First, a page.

Noemi Iwasaki '22
Just over two years ago, professional football player Colin Kaepernick set the sports world abuzz. By choosing to sit, and later to kneel, during the playing of the national anthem before his games, he ignited a firestorm that would transcend professional sports.
Recently, the controversy was thrust back into the limelight when Nike launched a new advertising campaign marking the 30-year anniversary of their famed Just-Do-It campaign. It was titled, “Dream Crazy.” Nike posted a full-length ad on Youtube, towards the end of which Kaepernick is revealed to be the narrator. This video was followed by billboard campaign with Kaepernick front and center, above the text, “Believe in something, even it means sacrificing everything.”
National reaction was mixed. Some, like the President himself, reacted with anger and launched a movement to boycott Nike. Trump tweeted, “Just like the NFL, whose ratings have gone WAY DOWN, Nike is getting absolutely killed with anger and boycotts…I just find it hard to watch…until they stand for the FLAG!”
Others supported Kaepernick just as passionately as his opposers. Lebron James, for one, said simply that he “stands with Nike.” Giants ex-running back Tiki Barber took a more balanced view on the incident, tweeting, “Kaep is using his platform & brand to make a compelling & polarizing point, which is his right, even if it’s met with ire! #idontagree.”
Due to the turmoil, Nike’s stock fell after the ad aired. Many of Kaepernick’s detractors celebrated the news, citing the stock dip as proof of the country’s opposition to his protest. However, the stock quickly recovered, as investors bet on Nike’s history of sticking with controversial athletes (such as Tiger Woods). On Sept. 21, the stock hit an all-time high at $85.55 per share. The sportswear company has also seen a 31% increase in online sales, according to Time Magazine.
At Groton, community members have mixed opinions as well. Jed Rainey ’20 said, “I support [the] end of the so-called ‘shut up and dribble era.’ However, I think his ‘sacrifice’ is exaggerated. He continues to live a lifestyle that 99% of the country would be jealous of, and will undoubtedly receive significant compensation for such a large ad campaign.
Soldiers and veterans had particularly passionate responses to Kaepernick’s original protest. When the Circle Voice asked Groton’s veteran alumni for their thoughts, they highlighted Groton’s patriotic history, and also provided balanced opinions on the Nike protest.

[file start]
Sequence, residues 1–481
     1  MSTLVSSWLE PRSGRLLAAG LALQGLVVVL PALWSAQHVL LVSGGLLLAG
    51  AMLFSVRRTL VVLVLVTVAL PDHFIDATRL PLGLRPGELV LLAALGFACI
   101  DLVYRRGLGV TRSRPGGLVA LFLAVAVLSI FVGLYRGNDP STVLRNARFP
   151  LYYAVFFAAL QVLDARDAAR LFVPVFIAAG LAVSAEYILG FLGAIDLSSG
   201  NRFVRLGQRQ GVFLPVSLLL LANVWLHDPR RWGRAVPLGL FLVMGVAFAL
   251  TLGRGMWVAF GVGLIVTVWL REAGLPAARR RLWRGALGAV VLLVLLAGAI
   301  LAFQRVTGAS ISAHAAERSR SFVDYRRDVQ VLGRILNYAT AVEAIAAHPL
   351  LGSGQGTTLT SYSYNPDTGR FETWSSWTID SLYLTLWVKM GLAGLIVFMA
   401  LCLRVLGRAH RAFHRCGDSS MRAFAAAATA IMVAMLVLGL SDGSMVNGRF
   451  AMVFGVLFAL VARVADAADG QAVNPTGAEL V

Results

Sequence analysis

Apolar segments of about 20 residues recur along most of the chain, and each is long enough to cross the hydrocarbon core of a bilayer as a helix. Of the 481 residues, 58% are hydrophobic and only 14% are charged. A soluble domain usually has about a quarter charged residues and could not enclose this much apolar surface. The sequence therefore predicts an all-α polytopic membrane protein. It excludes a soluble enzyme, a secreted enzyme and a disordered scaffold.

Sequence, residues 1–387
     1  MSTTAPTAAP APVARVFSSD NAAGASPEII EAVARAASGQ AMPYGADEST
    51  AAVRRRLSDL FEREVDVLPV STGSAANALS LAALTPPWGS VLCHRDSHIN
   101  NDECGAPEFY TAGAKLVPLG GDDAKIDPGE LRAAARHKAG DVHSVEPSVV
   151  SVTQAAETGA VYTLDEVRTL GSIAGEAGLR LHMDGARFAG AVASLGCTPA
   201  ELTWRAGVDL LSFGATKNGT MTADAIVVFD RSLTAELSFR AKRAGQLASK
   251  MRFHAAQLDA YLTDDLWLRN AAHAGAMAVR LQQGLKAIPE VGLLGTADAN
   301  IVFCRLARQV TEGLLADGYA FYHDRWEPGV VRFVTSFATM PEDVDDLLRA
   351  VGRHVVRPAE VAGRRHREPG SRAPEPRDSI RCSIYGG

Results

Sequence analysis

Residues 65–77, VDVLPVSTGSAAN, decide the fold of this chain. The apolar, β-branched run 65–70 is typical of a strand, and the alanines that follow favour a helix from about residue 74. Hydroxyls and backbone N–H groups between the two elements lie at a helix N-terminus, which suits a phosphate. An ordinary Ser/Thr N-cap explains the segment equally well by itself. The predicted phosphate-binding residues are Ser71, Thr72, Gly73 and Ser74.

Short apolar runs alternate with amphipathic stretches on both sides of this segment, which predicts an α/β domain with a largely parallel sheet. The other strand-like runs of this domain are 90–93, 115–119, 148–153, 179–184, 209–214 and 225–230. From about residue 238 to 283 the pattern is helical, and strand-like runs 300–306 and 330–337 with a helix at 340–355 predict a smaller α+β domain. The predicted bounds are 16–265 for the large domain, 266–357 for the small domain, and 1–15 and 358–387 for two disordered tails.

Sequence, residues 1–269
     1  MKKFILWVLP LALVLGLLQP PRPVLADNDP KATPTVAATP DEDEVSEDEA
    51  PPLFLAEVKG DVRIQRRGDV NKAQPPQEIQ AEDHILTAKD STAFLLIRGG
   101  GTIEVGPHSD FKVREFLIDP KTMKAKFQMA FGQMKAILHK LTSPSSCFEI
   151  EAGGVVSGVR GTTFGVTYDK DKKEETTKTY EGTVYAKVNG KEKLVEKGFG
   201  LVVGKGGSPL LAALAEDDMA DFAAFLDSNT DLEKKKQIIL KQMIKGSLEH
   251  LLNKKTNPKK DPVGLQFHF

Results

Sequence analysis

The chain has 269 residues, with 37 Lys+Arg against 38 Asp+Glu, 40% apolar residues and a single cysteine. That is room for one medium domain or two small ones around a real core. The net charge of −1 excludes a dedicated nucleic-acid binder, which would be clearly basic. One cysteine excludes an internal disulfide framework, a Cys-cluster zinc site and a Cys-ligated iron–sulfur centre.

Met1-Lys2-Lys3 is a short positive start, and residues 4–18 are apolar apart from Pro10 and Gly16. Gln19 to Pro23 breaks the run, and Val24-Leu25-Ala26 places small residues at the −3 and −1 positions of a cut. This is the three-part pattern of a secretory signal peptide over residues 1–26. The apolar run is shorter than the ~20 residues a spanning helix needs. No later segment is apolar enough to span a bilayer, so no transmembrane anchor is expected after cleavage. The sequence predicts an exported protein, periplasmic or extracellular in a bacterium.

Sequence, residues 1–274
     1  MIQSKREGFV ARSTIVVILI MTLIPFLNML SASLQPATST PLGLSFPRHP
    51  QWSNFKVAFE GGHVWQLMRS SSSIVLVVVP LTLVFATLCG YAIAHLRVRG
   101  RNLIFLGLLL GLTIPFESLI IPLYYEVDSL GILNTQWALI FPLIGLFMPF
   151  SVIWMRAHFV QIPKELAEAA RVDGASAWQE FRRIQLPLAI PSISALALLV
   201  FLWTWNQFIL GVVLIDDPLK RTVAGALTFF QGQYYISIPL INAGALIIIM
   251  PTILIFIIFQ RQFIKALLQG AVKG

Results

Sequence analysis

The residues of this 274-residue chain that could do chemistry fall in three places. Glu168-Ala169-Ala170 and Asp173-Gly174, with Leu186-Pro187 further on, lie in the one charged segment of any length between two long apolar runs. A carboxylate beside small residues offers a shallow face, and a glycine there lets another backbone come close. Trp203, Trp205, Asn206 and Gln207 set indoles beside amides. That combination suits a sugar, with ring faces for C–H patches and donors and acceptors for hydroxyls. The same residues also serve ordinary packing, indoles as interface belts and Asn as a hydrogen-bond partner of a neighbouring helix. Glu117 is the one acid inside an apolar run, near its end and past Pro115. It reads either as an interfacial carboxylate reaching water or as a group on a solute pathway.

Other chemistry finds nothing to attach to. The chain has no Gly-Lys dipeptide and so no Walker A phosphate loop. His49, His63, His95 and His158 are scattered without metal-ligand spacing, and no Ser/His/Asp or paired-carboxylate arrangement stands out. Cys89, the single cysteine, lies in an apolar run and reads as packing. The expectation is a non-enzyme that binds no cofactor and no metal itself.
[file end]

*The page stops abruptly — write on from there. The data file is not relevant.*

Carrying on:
Many focused on Groton’s history of being a patriotic school, and thus hinted at necessary respect toward the anthem and the flag. Tod Gregory ’62 (U.S Army) spoke of leading the school on a Memorial Day march from campus to the Groton cemetery, where students read aloud the names of each Groton citizen who had died in war. David Lawrence ’63 (USMC) also commented on Groton’s culture: “the various memorials to those who gave their lives in wars, including the west interior wall of the Chapel and some of the memorial stones and other memorials (and prizes) to honor veterans –– Starr ’04, Fincke ’28 and Pyle ’64 come to mind.”
Along with strong feelings of patriotism, veterans also expressed impartial and informed views. Lawrence wrote, “On the basis of my experience, I believe Colin’s statement ‘believe in something, even if it means sacrificing everything’ is a statement of conviction with which I agree as it expresses commitment, passion, conviction and a willingness to stand for one’s beliefs even if there will be negative consequences due to an adverse political reaction or other forces of disagreement grounded in far less important principles.” Gregory mused, “Keep an open mind. Cherish our freedoms, our country, and different points of view…My MBA from Berkeley was in marketing and I personally think Nike’s ad campaign featuring Colin was brilliant and it has literally paid off.” As well as supporting Kaepernick off the field, Gregory also wishes the 49ers to re-sign Kaepernick after Jimmy Garoppolo’s season ending ACL tear.
Ultimately, the Nike campaign follows in historical precedent of the company tackling contentious stances and cultural issues. Notably, Charles Barkley once controversially declared in a 1993 Nike Ad, “I am not a role model… Just because I dunk a basketball doesn’t mean I should raise your kids.” While society has changed since Sir Charles’ time, the fundamental principle behind Nike’s advertising has not. Controversy sells. The Kaepernick ad campaign continues in this tradition.